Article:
Commercial

Reports: Norway Sees ‘No Human Error’ in EC225 Crash

By James T. McKenna | May 3, 2016

Offshore
A senior Norwegian accident investigation official said the April 29 crash of an EC225LP that killed 13 people was due to technical failure and not human error, according to two press reports.
 
Norway’s Accident Investigation Board held a press conference at 3 p.m. local time at the Haakonsvern naval base in Bergen to provide an update on its probe of the Airbus Helicopters/CHC Helikopter Service medium-twin helicopter. Wreckage of the helicopter, which CHC was operating under contract for the Norwegian oil and gas company Statoil at the time of the crash, is being examined and stored at the naval base.
 
Reuters news agency quoted that board’s aviation department director, Kaare Halvorsen, telling the press conference today: "We are as certain as we can be that a technical error caused the accident. We don’t think it was due to human misinterpretations."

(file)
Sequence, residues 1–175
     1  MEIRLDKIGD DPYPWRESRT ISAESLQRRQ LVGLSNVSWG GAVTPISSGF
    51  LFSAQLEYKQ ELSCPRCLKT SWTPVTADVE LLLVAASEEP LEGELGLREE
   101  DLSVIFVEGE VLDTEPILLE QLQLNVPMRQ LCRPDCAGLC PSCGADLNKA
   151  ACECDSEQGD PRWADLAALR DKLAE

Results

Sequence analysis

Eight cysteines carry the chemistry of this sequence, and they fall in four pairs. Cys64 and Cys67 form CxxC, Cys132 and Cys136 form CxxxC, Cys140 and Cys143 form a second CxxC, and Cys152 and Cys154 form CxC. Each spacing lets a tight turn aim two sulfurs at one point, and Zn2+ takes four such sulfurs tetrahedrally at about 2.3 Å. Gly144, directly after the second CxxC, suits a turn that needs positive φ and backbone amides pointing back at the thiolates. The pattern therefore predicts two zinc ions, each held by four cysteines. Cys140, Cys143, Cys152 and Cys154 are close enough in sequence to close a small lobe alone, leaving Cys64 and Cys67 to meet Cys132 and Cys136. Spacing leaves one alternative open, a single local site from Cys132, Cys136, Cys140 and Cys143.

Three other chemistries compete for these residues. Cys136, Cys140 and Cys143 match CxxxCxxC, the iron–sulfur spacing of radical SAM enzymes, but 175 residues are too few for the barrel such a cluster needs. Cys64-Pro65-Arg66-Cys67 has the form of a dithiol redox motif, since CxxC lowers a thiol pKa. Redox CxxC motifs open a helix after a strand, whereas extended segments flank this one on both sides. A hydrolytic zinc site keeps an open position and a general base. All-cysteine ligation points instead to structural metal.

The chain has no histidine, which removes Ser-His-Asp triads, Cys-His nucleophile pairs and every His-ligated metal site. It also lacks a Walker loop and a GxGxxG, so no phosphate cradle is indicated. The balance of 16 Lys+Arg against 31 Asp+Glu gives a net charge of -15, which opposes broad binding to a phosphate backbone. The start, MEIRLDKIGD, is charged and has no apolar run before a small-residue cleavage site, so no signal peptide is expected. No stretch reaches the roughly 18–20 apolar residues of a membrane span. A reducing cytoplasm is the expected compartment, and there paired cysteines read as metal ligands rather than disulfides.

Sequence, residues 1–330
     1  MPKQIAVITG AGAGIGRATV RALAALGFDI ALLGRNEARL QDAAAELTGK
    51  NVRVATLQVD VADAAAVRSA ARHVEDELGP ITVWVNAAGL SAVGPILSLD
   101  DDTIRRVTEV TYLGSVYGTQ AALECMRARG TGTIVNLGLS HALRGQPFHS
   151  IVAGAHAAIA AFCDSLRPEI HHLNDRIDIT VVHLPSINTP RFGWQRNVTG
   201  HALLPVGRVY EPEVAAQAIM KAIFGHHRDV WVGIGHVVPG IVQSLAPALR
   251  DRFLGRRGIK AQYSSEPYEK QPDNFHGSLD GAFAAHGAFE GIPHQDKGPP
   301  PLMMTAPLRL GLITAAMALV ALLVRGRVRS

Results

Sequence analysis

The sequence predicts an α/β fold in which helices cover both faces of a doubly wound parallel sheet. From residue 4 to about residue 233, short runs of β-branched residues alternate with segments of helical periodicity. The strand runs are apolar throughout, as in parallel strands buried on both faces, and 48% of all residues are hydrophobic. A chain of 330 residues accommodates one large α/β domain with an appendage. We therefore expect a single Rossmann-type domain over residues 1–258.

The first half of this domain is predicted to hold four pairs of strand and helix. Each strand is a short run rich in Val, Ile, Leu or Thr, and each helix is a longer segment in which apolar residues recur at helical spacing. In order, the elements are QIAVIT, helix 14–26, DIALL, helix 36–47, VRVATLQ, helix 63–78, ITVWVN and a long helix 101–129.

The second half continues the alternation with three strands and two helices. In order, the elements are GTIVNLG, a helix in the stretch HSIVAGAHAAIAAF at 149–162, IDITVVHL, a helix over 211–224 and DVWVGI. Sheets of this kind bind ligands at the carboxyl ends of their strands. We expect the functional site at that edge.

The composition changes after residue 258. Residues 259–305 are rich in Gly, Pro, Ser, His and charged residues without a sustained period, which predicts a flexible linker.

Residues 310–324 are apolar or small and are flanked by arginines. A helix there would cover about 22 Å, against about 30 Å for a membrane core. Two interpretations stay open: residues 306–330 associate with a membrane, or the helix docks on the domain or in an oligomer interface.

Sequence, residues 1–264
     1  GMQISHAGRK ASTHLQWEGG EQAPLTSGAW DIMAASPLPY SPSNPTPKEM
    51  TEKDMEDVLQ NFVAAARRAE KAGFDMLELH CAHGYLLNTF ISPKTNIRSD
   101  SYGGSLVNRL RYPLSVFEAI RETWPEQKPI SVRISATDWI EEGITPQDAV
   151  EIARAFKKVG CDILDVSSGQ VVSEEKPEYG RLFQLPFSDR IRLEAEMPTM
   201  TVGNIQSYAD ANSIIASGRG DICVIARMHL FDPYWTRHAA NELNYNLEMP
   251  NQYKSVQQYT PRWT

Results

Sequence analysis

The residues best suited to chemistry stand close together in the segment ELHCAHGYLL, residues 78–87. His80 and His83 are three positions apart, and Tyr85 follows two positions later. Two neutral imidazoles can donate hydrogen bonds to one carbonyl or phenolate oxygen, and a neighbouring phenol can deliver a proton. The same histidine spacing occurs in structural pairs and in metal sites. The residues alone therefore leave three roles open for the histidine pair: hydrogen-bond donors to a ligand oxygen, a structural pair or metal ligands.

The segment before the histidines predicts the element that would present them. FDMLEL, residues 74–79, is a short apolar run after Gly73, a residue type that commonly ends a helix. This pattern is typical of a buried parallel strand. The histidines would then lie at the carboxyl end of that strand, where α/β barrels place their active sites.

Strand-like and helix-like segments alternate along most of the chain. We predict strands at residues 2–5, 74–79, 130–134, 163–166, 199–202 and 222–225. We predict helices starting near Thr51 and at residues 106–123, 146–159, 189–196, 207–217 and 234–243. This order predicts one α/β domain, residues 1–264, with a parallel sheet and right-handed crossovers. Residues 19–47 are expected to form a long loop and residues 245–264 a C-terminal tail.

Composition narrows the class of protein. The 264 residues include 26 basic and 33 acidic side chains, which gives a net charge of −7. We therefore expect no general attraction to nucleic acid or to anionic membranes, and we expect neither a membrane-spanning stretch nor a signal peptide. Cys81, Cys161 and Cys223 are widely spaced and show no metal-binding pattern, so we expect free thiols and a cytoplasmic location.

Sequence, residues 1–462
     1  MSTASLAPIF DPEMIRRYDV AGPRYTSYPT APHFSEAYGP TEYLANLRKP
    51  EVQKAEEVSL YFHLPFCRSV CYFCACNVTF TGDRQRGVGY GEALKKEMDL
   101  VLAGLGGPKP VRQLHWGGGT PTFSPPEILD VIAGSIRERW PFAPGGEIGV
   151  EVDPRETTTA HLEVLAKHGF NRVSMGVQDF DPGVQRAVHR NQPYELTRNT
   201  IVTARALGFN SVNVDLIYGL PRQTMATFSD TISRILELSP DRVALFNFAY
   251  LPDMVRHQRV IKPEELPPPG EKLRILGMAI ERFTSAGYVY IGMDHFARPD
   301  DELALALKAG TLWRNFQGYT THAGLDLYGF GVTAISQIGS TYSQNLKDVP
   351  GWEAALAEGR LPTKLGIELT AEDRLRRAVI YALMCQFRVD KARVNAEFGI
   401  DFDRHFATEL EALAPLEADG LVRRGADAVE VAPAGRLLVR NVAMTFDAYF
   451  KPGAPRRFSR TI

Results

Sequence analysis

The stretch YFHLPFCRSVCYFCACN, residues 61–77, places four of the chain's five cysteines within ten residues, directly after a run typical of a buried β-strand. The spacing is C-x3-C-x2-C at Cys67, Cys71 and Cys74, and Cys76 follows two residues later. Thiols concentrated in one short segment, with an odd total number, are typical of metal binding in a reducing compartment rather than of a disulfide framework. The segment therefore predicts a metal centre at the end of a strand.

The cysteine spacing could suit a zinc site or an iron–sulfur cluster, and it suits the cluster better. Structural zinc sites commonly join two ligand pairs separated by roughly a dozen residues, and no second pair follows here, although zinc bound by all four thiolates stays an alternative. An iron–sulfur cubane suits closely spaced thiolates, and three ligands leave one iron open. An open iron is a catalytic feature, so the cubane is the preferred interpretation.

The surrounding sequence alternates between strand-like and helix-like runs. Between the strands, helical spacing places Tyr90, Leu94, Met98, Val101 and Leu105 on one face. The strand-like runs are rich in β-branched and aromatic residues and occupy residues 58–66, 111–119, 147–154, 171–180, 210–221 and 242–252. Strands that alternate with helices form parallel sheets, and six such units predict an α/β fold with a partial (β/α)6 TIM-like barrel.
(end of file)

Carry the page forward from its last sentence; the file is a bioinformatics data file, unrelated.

Another news agency, Agence France Presse, cited Halvorsen saying: "Based on the facts we have, it was a technical failure. It was not human error."
 
Halvorsen reportedly confirmed statements by CHC that its two pilots, who were ferrying 11 passengers to Bergen from Statoil’s Gullfaks B rig 100 nm northwest in the North Sea, did not transmit any emergency calls before the crash. 
 
A statement ruling out causes so early in an accident investigation is generally considered premature. In addition to the aircraft’s wreckage and radio transmission, its combined cockpit voice and flight data has been recovered and read out by the U.K.’s Air Accidents Investigation Branch. The recordings have been returned to the Norwegian board, which reported that their “data is of good quality.” That is a standard accident investigator’s description for data that can be read and analyzed to help define the aircraft’s performance and crew comments and actions.
 
A video published after the crash appeared to show a five-bladed main rotor separated from a helicopter and failing through the sky near the crash scene.
Norway and the U.K. have banned the use of EC225LPs in public transport and commercial passenger flights pending the investigation’s work.
 
 

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